As well as this book, available through SAS Publishing:
SAS Information Map Studio 3.1: Tips And Techniques by SAS Publishing
In brief, however, let me outline a possible usage situation. You have a set of files that are always used for reporting:
In the most simple form, having an Information Map would allow you to simplify the names of the columns used for reporting (like getting rid of the long file prefix in the column names). You could also "disappear" away the underscores in the column names. Moving up to the next level, you could build an Information Map that would automatically do a join of the 2 tables and would only show the end-user the columns that were needed for reporting. You could make a calculated data item. You could build pre-defined filters (such as filters by state or country or Purchase Order type).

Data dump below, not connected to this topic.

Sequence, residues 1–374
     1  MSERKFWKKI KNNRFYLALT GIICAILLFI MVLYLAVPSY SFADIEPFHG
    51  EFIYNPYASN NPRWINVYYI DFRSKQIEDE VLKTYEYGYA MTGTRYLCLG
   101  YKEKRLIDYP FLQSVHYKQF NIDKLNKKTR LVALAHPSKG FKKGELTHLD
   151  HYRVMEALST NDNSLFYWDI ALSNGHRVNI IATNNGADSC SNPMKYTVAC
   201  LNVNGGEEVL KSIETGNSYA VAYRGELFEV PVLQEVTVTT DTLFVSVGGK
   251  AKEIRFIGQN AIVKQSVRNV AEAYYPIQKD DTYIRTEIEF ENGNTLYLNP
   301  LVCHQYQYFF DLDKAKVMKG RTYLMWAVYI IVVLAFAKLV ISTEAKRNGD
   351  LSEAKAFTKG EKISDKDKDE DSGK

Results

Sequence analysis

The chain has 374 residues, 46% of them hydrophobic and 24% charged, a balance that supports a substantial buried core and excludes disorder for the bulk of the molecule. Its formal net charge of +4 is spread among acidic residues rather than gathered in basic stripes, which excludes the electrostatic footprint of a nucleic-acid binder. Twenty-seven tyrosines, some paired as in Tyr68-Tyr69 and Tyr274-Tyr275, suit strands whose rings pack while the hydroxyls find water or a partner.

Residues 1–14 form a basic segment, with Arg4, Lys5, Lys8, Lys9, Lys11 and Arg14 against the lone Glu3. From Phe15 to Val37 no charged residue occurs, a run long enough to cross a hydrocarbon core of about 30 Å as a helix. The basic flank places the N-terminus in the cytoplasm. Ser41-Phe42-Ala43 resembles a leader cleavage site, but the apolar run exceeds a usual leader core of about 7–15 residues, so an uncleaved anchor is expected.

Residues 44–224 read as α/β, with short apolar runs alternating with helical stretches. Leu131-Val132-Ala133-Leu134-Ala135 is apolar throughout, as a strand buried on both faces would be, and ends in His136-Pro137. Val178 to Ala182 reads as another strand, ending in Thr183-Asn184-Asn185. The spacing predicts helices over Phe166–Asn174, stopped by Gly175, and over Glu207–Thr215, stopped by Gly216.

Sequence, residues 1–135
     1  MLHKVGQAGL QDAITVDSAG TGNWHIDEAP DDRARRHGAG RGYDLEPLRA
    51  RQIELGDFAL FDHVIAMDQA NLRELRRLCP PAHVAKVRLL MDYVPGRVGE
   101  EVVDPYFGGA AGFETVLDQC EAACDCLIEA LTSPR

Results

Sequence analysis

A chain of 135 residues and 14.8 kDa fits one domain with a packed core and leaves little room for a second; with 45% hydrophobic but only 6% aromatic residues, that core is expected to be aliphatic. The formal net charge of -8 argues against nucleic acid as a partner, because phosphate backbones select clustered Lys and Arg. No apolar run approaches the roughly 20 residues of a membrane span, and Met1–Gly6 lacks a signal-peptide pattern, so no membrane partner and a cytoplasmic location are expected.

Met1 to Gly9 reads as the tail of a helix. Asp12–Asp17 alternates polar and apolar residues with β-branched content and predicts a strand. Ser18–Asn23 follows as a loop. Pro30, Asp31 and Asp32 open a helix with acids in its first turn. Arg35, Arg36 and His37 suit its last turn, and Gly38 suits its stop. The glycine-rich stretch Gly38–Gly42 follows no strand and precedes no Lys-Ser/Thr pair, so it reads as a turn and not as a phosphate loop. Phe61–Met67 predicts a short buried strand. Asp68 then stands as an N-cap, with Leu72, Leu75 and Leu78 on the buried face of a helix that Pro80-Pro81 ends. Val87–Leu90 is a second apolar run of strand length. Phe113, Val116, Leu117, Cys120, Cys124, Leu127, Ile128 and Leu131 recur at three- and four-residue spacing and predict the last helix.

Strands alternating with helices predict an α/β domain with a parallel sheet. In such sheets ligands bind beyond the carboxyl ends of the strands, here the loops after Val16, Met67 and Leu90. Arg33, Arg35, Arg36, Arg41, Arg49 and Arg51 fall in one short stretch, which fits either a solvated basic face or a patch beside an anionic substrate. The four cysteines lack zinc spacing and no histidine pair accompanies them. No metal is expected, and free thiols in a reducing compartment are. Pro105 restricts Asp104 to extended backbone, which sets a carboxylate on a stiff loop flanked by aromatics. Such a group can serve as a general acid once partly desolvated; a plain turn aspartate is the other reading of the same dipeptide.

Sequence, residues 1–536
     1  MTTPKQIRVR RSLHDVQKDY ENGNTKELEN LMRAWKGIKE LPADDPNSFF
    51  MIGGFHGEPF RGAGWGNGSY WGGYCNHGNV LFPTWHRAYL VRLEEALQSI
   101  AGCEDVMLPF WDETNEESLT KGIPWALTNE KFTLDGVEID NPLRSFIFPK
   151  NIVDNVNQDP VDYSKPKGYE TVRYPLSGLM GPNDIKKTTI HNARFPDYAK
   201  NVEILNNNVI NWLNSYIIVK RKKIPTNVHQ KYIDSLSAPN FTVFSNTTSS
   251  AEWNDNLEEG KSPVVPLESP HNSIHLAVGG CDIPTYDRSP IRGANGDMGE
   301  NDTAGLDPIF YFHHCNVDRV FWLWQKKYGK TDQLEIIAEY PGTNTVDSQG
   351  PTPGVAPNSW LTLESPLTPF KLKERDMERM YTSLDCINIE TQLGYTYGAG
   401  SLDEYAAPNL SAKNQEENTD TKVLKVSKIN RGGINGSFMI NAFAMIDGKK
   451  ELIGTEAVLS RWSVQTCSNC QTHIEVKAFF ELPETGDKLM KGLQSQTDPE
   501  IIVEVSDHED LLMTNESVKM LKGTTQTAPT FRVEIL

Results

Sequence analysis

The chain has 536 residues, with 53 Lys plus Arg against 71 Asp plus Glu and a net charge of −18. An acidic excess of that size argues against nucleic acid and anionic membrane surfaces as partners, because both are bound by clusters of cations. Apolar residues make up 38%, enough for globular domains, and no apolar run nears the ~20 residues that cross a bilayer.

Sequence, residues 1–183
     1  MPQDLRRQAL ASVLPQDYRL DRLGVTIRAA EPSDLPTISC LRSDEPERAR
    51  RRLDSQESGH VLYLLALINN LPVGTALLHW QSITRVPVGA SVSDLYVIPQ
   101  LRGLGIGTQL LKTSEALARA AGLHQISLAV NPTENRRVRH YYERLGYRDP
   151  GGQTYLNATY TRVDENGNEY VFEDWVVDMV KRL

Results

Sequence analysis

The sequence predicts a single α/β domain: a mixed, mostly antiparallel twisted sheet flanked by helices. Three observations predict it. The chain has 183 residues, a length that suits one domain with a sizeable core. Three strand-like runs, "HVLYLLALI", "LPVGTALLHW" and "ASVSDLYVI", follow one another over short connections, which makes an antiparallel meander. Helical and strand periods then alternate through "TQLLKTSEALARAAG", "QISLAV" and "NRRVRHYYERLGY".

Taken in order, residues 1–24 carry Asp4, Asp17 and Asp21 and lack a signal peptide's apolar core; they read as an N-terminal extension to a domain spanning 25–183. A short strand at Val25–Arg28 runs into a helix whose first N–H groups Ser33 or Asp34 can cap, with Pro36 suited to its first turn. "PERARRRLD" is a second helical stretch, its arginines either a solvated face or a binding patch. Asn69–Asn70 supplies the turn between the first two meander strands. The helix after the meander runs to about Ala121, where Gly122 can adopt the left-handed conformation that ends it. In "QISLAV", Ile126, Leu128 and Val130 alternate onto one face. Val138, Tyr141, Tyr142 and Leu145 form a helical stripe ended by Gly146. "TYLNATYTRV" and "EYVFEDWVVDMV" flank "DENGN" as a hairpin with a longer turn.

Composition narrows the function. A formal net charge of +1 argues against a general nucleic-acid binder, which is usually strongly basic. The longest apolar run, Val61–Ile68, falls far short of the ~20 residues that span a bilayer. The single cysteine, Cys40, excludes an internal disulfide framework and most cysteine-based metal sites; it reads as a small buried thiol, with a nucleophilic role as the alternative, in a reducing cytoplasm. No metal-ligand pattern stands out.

Information Maps are extremely useful in masking the complexity of the physical data layout or table relationships from the end-user. In addition, if you have business rules that are ALWAYS applied to data access (only people in the Purchasing Department see the VMF_Vendor_Purchase_Order_Type_Preferred field) or some such logic, then you can implement that in an information map, too.
The bottom line is that you have to analyze your current data tables and figure out what kind of joins/transformations need to be done in order to produce your reports. You need to figure out whether you will build Web Report Studio reports ahead of time using your Information Maps or whether you will design the Information Maps and allow users to do ad-hoc reporting from the Information Maps. Then, you need to build and test the Information Maps from all the client applications that will use the Information Maps.
The resources listed at the top of this posting should get you pointed in the right direction.